Image of a young woman smiling and holding a camera
Inka Cresswell realised that she could reach a larger audience through filmmaking. Image credit: Inka Cresswell

World Ocean Day is an annual event celebrating ocean life and promoting marine conservation. The event takes place on June 8 and is an opportunity to learn more about our oceans and how we can protect them.

The event was established in 2009 by the United Nations General Assembly. According to World Ocean Day, their aim is to ‘unite the world to protect and restore’ oceans on a day where ‘people around our blue planet celebrate and honour’ the sea.

World Ocean Day supports conservation, and works collaboratively with over 150 countries and hosted more than 15,000 events in 2022.

The day is supported by the Youth Advisory Council who aim to educate young people about ocean conservation. It’s aimed at schools and organisations, encouraging them to get involved with charities that support marine life.

Inka Cresswell, 29, is a UK based marine biologist and filmmaker, and is the host of this year’s World Ocean Day for schools. She accepted this responsibility with the belief that “there’s something really powerful about capturing young minds.”

Last year saw over 30,000 students in 26 countries join to “share the love of the ocean and the ways that people can protect it.”

Inka’s own relationship with the ocean began at a young age. Her childhood was filled of memories by the sea in Brighton. “I grew up by the ocean and spent a lot of time exploring my local coastline snorkelling with my family.”

She adds that by 6 years old knew she wanted to become a marine biologist and says it wasn’t a surprise to anyone when she pursued this goal at university.

An image of a young woman scuba diving holding a camera
Inka’s works closely with scientists in her filmmaking and often discovers new behaviours of marine life. Image credit: Inka Cresswell

She says that teaching the next generation about ocean conservation can “have such a big impact on the way they live their life, and the way they interact with nature.”

Her love of filmmaking began when her dad bought her a small disposable camera when she was a child so that she “would learn breathing control for scuba diving, because [she] was so focused on the camera.”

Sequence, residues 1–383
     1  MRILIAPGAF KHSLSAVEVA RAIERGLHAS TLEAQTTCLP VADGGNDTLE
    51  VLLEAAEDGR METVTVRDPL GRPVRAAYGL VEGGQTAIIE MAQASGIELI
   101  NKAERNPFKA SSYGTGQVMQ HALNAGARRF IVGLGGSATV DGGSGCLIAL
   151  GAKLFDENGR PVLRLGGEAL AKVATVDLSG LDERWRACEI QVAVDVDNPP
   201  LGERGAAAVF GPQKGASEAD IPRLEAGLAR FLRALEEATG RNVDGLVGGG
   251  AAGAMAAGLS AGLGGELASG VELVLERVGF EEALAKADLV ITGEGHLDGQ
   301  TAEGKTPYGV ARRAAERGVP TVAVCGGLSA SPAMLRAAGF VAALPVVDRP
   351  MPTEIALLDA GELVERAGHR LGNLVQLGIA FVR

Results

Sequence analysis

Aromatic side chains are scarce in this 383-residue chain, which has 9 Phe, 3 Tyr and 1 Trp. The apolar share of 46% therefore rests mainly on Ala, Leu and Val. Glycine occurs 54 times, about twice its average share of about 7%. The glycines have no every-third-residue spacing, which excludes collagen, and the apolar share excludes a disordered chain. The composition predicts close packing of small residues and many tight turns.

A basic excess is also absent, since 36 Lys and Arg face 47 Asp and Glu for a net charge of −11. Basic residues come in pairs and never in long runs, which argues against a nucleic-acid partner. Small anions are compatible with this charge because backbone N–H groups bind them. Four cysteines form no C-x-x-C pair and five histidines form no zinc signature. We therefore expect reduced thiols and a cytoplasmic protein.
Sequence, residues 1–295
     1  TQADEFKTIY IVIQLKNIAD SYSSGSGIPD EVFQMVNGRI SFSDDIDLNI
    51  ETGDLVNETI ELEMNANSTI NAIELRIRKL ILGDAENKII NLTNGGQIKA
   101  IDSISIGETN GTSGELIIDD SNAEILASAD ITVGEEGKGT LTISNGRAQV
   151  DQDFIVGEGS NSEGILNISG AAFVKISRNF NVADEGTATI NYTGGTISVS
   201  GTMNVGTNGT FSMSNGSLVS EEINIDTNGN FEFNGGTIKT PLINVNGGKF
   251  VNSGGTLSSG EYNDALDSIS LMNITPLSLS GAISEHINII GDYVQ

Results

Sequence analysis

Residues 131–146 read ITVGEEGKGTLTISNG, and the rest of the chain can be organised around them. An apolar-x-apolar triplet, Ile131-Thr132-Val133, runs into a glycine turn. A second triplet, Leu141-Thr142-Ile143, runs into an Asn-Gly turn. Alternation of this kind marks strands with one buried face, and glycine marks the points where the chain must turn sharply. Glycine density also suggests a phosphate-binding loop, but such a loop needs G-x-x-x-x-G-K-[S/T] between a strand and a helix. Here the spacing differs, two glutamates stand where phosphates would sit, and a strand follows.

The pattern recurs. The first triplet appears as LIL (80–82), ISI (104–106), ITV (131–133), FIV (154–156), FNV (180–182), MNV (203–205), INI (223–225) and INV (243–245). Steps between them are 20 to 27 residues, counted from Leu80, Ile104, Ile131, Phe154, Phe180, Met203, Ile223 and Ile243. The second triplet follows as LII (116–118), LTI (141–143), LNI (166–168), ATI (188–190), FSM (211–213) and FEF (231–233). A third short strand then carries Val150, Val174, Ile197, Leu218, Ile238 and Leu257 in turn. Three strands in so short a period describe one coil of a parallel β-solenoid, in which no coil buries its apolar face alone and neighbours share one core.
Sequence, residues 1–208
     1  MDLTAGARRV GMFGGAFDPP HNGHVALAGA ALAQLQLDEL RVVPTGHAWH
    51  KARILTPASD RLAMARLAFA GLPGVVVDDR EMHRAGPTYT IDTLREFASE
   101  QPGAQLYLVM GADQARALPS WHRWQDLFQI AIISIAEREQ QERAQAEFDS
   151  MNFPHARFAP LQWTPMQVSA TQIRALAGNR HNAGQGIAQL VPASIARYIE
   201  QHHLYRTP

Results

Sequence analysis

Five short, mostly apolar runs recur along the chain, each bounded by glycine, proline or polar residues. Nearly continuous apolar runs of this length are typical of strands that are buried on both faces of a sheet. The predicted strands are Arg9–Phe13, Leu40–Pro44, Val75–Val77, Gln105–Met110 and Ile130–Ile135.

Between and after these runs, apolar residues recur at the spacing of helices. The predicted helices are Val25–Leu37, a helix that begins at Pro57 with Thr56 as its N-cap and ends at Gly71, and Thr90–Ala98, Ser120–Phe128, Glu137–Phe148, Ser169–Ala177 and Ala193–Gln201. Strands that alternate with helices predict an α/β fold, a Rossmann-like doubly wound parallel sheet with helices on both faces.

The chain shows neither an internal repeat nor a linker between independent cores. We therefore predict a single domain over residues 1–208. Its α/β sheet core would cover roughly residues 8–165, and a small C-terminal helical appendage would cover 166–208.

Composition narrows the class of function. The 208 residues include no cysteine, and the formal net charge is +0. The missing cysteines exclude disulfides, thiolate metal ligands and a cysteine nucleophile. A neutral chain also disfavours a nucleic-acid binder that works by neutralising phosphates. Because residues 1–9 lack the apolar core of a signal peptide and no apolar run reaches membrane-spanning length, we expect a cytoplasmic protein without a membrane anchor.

As Inka has developed her knowledge of marine biology alongside her passion for filmmaking, she “found that the two complement each other really well.”

She adds “I realised that it was through film that I could connect with the largest audience. Using film was always about conservation, and how I could be effective in that space.”

Inka is also focused on restoration, after seeing first-hand the effects of overfishing, pollution, and acidification. “I think that when you look at our oceans, they’re in such bad condition so the idea of conserving that space isn’t something that I would like to actively encourage.”

According to Sea Save and Sea Shepherd approximately 8 million tonnes of plastic enter the ocean annually and if this rate of pollution continues, there’ll be more plastic in the ocean than fish by 2050. In some parts of the ocean, plastic particles already outnumber plankton.

Due to the damaged condition of our oceans Inka says she is now promoting the idea of “rebuilding and ensuring that these ecosystems are improving so that we’re not just leaving what we have for the next generation, but giving them something better, something healthier. Something thriving and living.”

My number one bit of advice is to spend more time in the ocean

Filmmaking allows her to be proactive in promoting restoration “it’s a great kind of collaborative relationship between film and science. You become an overnight specialist, which is a really weird and wonderful bonus.”

Inka is also an ambassador for the Marine Conservation Society, and partners with organisations such as world ocean day to promote improving the ocean. She laughs saying she’s always got “one foot in ocean conservation and one foot in the filmmaking world.”

She encourages people to “take the time to educate yourself about how your personal choices can impact our oceans.” Practicing ocean friendly habits such as sustainable and local eating, using a Guppy Friend laundry bag, or even litter picking can help.

She says it’s easy to feel “overwhelmed with eco-anxiety” but World Ocean Day allows everyone to “focus on all of the amazing work that these organisations are doing, and it really puts a spotlight on the people working in that space and being able to bring those messages to a global audience.”

For Inka “the most important thing about world ocean day,” remains inspiring young minds and “showing people this is something that they should be fighting for, that there’s still hope.

“My number one bit of advice is to spend more time in the ocean. I think that the more time we spend in the sea, the more that we appreciate it.”

She adds “the ocean has fantastic restorative properties, it’s hugely beneficial to our mental health, and physical health. And I think maintaining that relationship with that ocean is so important,” as once you are connected to the ocean you will want to protect it and “then all of these other things become second nature.”

image of a young woman standing on a concrete pier out at sea
Inka advises everyone to spend time with the ocean to connect with nature. Image credit: Inka Cresswell